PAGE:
- Investors are worried that a banking sector confidence crisis might lead to a recession.
- US oil stockpiles increased by 1.6 million barrels last week.
- Consumer prices in the US rose significantly in February.
On Wednesday, oil prices fell by about 5%, reaching their lowest points in almost a year. The banking sector’s confidence crisis might lead to a recession and reduced demand for energy.
Crude recovered some of their earlier losses when Swiss regulators promised Credit Suisse, whose shares had previously fallen as much as 30%, a liquidity lifeline.
Since Friday’s close, Brent has decreased by more than 10%, while US crude has decreased by more than 14%.
Additionally, the US dollar gained strength versus a group of currencies, increasing the cost of buying petroleum for people who held those currencies.
According to government statistics, US oil stockpiles increased by 1.6 million barrels last week. This exceeded the expected increase of 1.2 million barrels, adding to the market’s bearishness.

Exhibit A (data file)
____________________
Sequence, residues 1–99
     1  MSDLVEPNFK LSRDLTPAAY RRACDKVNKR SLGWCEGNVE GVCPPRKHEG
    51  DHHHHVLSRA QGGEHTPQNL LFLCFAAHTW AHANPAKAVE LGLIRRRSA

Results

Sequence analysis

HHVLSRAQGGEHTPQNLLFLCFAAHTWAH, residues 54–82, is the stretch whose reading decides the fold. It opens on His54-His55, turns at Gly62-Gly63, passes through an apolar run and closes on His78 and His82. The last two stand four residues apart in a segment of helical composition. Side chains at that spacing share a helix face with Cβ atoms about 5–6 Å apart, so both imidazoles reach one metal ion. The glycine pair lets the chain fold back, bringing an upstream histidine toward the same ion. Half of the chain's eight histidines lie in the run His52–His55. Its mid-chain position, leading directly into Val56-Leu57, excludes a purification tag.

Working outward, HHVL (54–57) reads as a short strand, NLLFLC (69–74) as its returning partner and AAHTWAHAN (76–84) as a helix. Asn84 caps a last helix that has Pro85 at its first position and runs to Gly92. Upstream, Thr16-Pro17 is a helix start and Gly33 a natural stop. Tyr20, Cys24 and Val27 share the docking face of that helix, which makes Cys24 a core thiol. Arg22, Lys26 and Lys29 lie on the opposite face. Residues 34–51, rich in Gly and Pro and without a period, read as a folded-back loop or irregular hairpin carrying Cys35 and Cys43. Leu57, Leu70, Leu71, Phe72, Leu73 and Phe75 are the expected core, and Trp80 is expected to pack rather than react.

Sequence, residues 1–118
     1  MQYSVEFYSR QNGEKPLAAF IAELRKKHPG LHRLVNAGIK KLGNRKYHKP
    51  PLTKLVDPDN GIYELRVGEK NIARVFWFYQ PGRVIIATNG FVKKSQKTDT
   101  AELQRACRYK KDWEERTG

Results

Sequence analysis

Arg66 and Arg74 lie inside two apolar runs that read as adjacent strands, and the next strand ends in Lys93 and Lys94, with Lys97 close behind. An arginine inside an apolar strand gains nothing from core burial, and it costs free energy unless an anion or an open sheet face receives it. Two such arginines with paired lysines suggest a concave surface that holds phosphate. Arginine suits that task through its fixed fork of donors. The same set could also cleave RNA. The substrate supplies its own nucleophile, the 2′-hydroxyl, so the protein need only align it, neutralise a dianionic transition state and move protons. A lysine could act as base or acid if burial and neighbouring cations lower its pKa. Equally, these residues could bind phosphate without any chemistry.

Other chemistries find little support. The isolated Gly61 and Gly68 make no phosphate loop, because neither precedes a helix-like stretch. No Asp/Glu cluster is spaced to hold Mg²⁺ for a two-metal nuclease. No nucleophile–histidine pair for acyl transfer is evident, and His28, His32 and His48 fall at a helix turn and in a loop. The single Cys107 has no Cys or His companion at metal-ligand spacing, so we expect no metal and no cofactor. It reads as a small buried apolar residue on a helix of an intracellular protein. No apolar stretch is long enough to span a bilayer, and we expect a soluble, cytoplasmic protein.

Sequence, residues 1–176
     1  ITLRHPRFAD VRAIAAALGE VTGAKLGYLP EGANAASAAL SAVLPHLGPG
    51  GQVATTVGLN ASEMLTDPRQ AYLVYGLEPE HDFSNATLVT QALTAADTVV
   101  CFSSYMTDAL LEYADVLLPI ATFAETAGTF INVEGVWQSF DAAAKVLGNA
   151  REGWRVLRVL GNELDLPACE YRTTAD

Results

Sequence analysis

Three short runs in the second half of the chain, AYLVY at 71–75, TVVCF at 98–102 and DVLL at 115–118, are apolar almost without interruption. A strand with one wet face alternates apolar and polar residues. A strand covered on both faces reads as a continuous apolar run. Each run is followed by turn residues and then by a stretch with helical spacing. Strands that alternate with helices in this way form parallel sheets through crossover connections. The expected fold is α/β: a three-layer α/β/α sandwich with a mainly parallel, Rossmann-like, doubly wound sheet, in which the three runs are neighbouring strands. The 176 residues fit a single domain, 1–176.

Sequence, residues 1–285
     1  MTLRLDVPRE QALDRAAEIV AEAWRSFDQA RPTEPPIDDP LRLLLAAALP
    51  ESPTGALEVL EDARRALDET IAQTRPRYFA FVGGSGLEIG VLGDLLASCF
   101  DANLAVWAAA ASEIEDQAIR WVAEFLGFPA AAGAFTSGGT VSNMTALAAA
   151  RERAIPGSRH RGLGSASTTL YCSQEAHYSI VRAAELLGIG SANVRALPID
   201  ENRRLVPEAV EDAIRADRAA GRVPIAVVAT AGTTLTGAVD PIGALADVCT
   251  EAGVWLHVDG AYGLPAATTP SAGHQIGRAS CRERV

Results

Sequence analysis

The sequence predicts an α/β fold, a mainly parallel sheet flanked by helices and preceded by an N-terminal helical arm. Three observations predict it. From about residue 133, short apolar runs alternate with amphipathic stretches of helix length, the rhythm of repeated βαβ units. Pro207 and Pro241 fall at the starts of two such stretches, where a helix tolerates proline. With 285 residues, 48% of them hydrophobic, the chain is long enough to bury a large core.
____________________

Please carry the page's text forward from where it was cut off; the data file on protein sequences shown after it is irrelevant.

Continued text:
In the meantime, figures showed that when the tight COVID-19 containment restrictions were lifted, China’s economic activity increased in the first two months of 2023.
Consumption and infrastructure investment spurred recovery from pandemic disruption despite obstacles like weak global demand and a sustained slowdown in the real estate market. This helped cap some of the losses in oil.
A day after OPEC raised its projection for Chinese oil demand in 2023, the International Energy Agency informed of an expected increase in Chinese oil demand on Wednesday.
Tuesday saw a more than 4% drop in oil prices to a three-month low as recent bank failures and US inflation figures fueled fears of a new financial crisis. Investors fear this might reduce demand for oil in the future.
The shock of Silicon Valley Bank’s failure fueled investors’ worries about the financial stability of some lenders and caused large fluctuations in bank shares.
As Consumers continued to pay higher rent and food prices steadily, consumer prices in the US rose significantly in February. This presents a challenge for the US Federal Reserve, whose efforts to combat inflation have been hampered by the failure of two regional banks.
The Fed is now anticipated to increase its key interest rate by just a quarter of a percentage point next week, as opposed to the 50 basis points previously anticipated, and to deliver another increase of the same magnitude in May.